The growth of SMS (short message service) is nothing short of extraordinary. Telstra reports around 80 million SMSes are sent across its GSM and CDMA networks per month, while globally that figure is up around 360 billion per year across GSM networks alone. Given these statistics, it's not surprising an Australian company has developed a system that it says will allow small and medium enterprises to send SMSes to individuals or groups via their work PC.
The system encompasses a desktop cellular modem, a software interface and the relevant adapters. According to the manufacturer, Call Direct, the system can be set up in minutes with users placing their own SIM card into the modem and sending and receiving messages of up to 160 characters. Messages are billed directly by their existing mobile provider at the usual rate.
Dubbed Office SMS, the standalone system will retail from $699. As yet, Office SMS cannot be deployed on a company's local area network.
Existing SMS-from-PC solutions to date involve users sending messages through a Web portal, which generally means there is no reply path for the mobile user. However, Michael Ash, director of Call Direct, said Office SMS is faster than using a portal, easier than using the key pad of a mobile phone and lets users keep a record of SMS messages. For business purposes, the record feature poses the significant advantage of being able to maintain an audit trail for sent/received messages.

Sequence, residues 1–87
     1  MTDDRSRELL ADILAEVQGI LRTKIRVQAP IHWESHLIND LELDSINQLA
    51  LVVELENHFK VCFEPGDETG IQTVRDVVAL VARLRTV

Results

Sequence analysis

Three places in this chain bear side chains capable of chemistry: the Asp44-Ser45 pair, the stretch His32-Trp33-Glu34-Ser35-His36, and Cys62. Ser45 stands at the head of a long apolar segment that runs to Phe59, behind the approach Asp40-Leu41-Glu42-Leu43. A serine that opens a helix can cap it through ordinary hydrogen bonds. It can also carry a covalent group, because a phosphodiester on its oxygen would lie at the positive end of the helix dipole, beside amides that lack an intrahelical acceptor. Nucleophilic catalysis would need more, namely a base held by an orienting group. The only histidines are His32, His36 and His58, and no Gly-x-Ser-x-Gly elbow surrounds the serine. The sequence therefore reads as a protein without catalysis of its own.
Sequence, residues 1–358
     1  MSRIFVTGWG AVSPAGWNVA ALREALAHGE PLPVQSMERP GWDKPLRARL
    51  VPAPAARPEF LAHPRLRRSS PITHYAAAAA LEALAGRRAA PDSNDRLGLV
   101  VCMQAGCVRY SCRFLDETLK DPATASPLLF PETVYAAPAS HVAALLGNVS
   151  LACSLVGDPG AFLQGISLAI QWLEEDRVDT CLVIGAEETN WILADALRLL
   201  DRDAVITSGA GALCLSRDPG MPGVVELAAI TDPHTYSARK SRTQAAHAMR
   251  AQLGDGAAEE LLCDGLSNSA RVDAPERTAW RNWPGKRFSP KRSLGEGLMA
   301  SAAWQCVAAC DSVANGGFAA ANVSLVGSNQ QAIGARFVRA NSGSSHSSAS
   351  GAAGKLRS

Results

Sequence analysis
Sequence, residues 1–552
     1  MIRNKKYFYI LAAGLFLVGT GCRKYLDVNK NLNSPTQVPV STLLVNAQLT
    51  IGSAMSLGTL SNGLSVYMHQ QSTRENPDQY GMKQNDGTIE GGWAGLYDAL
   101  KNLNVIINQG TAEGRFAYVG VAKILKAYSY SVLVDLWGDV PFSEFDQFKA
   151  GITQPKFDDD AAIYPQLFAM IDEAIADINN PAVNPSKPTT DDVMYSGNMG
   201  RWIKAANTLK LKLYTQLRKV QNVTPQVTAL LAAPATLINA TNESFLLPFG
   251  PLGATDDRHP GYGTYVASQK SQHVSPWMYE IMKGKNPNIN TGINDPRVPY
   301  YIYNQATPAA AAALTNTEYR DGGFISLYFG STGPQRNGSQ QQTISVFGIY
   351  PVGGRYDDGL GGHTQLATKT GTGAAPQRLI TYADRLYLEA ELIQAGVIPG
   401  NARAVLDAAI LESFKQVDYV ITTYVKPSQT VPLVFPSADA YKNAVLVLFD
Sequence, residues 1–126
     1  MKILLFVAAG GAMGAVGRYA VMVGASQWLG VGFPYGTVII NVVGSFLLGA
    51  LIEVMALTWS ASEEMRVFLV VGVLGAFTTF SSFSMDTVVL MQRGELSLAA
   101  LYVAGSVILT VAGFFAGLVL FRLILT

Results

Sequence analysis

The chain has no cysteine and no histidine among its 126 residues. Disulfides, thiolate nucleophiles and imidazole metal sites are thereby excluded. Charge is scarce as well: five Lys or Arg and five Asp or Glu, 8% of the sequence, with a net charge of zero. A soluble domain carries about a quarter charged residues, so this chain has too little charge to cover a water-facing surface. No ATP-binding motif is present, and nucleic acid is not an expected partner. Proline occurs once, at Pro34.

In the early phase, Ash said Call Direct is looking for resellers to take the product to market. However, he said the company is in discussions with distributors to establish an exclusive agreement.http://www.call-direct.com.au/officeSMS.htm